I haven’t written anything about my real estate crowdfunding portfolio since July. Enough changes happened in between, so I’m ready to provide new updates.
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BitOfProperty is a blockchain-based real estate crowdfunding platform that lets you invest in international rental properties starting with 50 EUR.
BitOfProperty looks for properties on the market and when they find one that satisfies their criteria, they list it on the platform. I like the many details presented on each property: location, local market status, renovations, costs, expected returns, how these returns will be generated.
Investors can invest in these newly sourced properties, with a minimum of 50 EUR per share. After the crowdfunded campaign is ended, the property is acquired. If it already has tenants, the investors will start receiving monthly rental dividends.
Each property has a limited amount of time in order to reach funding. If the necessary funding amount is not reached, the investors receive their money back in their wallet and can either withdraw them or invest in other properties.
Investors can also buy shares in existing properties from other investors and receive rental payments right away.
Each property is held in a separate SPV (Special Purpose Vehicle), which is a special type of company (separated from BitOfProperty) that will keep the investment secure even if BitOfProperty goes bankrupt.
The BitOfProperty team will handle all communication with the tenants and all other administrative tasks related to the rental property. In order to do this, they take a 10% fee out of the gross rental income.
The investment period is usually around 3 to 5 years, after which BitOfProperty will try to sell it on the market. After the property is sold, the investors receive a proportional share from the sale proceeds, including capital gains (if any).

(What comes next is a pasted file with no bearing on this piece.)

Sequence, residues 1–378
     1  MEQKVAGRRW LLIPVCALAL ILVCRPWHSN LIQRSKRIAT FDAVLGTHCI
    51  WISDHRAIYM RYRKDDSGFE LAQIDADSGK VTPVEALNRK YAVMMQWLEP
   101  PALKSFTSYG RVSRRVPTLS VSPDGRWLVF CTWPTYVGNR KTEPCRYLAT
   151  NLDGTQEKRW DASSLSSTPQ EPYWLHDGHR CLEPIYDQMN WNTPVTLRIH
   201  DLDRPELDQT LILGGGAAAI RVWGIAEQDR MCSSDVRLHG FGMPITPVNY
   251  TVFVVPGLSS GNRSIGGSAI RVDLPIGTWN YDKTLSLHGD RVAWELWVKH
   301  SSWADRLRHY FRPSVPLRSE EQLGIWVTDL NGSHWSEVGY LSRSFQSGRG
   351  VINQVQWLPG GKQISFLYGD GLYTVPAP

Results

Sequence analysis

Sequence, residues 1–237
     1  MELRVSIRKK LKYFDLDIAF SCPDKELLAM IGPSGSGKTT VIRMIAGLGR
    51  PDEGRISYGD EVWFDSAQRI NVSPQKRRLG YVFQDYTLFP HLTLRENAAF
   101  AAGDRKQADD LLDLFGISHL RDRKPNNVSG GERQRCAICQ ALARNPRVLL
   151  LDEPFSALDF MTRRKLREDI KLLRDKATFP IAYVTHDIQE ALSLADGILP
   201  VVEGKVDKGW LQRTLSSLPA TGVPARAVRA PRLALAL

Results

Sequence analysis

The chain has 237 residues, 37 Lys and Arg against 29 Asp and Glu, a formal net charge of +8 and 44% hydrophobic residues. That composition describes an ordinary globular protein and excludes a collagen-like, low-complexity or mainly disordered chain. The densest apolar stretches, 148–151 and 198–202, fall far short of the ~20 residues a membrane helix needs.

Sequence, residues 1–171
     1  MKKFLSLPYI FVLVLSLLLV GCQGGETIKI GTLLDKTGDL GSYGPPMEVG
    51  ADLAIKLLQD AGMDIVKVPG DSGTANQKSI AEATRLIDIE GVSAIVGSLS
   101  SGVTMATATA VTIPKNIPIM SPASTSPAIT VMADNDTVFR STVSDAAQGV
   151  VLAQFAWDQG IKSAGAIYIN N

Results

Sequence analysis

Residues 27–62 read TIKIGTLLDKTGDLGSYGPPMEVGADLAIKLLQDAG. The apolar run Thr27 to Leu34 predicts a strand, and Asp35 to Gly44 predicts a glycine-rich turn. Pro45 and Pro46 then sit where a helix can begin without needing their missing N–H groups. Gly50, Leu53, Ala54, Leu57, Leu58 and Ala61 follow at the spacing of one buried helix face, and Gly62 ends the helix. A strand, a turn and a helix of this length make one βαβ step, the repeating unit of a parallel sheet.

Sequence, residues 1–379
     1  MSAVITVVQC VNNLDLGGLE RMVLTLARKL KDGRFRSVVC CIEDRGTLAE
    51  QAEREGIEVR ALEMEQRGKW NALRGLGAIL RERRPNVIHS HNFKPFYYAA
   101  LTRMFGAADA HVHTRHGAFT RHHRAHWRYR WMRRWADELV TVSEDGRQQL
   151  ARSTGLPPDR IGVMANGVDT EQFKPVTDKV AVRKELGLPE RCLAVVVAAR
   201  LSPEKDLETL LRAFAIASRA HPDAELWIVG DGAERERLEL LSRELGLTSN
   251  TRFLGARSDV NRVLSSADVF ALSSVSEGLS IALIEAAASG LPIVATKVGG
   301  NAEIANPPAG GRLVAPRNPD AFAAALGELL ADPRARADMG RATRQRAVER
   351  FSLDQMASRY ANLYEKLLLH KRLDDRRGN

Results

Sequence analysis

You can either register as an individual investor or as a company.
BitOfProperty accepts investors from all over the world, except for US residents or companies. The registration and KYC process are pretty fast, it took me only a few hours to get my account verified.
Then you can fund your account through a bank transfer. I’ve used Revolut to transfer some funds, and they arrived on the platform the same day.
The company’s headquarters are in Singapore, and they have a subsidiary in Estonia. While they state the platform looks for international rental properties, all the 5 properties available on the platform are only from Tallinn, Estonia. They only launched their website in 2017, so they still have time to expand.
According to their Linkedin profile, they currently have 8 employees, 2 in Singapore and 6 in Estonia. The entire team is very young and with little experience in managing a company. This isn’t necessarily a bad thing, but having more senior management team members would certainly boost confidence in the company.
The key people of the company:
You pay a 10% management fee, which is taken as a cut from the rental income. When the property is sold, there’s also a 15% success fee taken by BitOfProperty from the investment capital gain.
You can either invest in properties in funding phase or buy property shares from properties already acquired.
Buying shares is simple. You just enter the amount of money you want to invest and submit your request.
When you want to buy shares on the secondary market, the process gets a bit tedious. The website tries to simulate a stock exchange process, but a really old one.
You get told what the minimum price of the shares in a property is, but you have no idea how many shares are available at that price. You fill in a form stating how many shares you want to buy, at what price, if you’d be happy only with a partial order fill or not, and then you submit the request. When a matching sell order is found, you receive an email asking you to confirm the transaction.